Here is the blog. (The one you're currently on is my personal blog. The Daily News blog was my hometown newspaper blog.)

Here are the entries:

1. "I dream in color"

2. "Sunset thoughts and a moral dilemma"

3. "Only the sidewalks can hear their cries"
I went to look at ArtPrize exhibits tonight for only the second time since the contest began two weeks ago in my beloved city. It's not that I don't love art; it just took me a long time to find the emotional space for this specific contest after editing stories about it all day long at The Press.

And trust me: The Grand Rapids Press has been somewhat obsessed with ArtPrize since creator Rick DeVos first announced it last April.

I don't blame the paper necessarily, because this is, after all, our town, and it's a pretty phenomenal history-making event. But I have struggled internally wondering if we should be focusing so much coverage on a contest that overshadows other types of news our readership also should know about-- things such as, oh say, how Grand Rapids' rate of homelessness is rising daily and the city is becoming a bargain basement of cheap housing because of foreclosures. But those are just minor things of course, and ArtPrize is a lot sexier, so um, yup, it all makes sense. ;)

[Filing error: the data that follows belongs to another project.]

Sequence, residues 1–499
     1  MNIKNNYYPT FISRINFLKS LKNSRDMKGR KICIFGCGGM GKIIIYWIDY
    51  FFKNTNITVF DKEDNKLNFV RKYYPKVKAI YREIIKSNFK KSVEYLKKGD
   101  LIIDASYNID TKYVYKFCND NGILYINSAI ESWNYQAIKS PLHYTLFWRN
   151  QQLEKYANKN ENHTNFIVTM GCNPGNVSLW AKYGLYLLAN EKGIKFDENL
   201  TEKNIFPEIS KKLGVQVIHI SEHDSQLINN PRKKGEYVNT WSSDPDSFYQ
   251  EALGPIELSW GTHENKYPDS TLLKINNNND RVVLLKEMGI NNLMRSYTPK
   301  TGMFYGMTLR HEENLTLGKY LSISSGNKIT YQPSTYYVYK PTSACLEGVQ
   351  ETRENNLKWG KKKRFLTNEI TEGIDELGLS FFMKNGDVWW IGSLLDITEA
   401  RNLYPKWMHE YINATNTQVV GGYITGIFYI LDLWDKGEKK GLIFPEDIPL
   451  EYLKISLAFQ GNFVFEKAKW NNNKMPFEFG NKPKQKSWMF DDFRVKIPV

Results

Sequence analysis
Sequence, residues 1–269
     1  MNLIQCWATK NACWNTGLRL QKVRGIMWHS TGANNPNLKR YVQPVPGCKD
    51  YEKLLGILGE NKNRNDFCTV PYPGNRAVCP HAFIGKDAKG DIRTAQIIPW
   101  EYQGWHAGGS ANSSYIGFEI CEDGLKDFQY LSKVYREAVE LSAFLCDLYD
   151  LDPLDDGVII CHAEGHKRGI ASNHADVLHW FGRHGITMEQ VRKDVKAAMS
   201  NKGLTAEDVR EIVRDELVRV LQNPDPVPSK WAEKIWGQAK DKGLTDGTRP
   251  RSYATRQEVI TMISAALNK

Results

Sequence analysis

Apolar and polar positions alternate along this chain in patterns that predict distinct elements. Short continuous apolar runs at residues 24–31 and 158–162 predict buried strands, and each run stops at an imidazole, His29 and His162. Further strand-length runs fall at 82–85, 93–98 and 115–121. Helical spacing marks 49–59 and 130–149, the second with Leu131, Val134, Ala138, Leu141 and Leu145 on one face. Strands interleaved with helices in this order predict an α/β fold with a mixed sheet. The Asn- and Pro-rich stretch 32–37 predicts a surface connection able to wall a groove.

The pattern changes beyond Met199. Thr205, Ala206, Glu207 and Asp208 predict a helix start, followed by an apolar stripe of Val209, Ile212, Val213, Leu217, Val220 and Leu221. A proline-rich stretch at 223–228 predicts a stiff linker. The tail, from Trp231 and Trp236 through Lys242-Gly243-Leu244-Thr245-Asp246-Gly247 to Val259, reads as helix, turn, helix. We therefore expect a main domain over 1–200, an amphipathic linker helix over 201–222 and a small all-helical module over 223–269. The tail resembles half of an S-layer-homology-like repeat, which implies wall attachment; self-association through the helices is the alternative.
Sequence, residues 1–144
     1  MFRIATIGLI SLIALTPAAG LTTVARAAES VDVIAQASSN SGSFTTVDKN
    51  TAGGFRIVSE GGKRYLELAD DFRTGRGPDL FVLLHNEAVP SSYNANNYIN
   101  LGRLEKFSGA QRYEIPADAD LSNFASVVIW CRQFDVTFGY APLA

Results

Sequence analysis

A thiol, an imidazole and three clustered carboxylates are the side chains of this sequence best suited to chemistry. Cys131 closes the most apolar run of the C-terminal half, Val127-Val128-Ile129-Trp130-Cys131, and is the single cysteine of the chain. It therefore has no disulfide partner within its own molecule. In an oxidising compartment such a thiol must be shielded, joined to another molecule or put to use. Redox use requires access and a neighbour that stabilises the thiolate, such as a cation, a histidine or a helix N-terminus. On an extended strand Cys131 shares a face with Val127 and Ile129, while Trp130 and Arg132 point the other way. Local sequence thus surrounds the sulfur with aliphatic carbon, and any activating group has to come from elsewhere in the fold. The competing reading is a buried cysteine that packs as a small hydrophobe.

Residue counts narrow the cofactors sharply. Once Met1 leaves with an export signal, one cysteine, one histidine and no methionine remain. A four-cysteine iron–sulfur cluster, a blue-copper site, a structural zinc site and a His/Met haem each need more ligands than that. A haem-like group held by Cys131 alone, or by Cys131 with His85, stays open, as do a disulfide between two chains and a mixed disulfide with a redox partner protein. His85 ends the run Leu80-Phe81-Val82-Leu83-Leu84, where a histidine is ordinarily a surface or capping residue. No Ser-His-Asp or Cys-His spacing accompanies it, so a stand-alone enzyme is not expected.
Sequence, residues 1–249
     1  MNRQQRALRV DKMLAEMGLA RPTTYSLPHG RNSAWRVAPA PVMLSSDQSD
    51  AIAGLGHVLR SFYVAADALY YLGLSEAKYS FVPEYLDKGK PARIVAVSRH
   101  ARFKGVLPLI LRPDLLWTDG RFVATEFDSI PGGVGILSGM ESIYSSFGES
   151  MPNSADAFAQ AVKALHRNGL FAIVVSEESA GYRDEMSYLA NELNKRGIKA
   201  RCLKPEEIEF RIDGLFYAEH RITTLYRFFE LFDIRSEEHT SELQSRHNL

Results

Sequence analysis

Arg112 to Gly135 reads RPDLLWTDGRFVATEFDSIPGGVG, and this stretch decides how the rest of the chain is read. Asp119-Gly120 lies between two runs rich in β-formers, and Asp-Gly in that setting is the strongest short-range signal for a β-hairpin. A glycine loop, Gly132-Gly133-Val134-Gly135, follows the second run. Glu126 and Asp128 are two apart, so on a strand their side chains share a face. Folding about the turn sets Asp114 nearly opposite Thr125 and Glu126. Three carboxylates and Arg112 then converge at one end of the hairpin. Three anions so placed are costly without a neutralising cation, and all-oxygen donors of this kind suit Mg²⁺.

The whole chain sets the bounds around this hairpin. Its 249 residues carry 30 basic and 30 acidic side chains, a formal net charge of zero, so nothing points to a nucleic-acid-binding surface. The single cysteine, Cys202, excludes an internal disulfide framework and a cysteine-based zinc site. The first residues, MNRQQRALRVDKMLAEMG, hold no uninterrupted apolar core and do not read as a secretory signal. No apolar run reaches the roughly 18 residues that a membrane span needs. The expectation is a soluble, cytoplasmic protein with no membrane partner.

All cynicism aside, I have to admit my perspective shifted tonight after visiting the exhibits on display at the old art museum on Pearl and Division, aka, The Old Federal Building.

I went alone, on purpose. I wanted to get my own perspective of the art-- as much as that is possible after reading other people's all day long, and hearing it from friends and roommates after work. I wanted to see it, feel it, step into it and let it soak through my skin, like a hot shower after a long day on my feet, or like a good book in mid-winter when I need a new world to crawl into. I wanted to find "The One." The piece of art that would give me a reason to write to you tonight.

I don't think I found "The One," necessarily. Instead I was blessed with three very moving experiences.

Exhibit A: Open Water No. 24.

Stemming from stubborn, anti-mainstream principle, I have to admit I'm sorry a Top Ten entry made it onto my "three moving experiences" list. It wasn't going to. I was just going to go and look at it and say, "Well that was pointless," and make fun of all the people who raved about it. (Oh Rachel, how haughty you are...)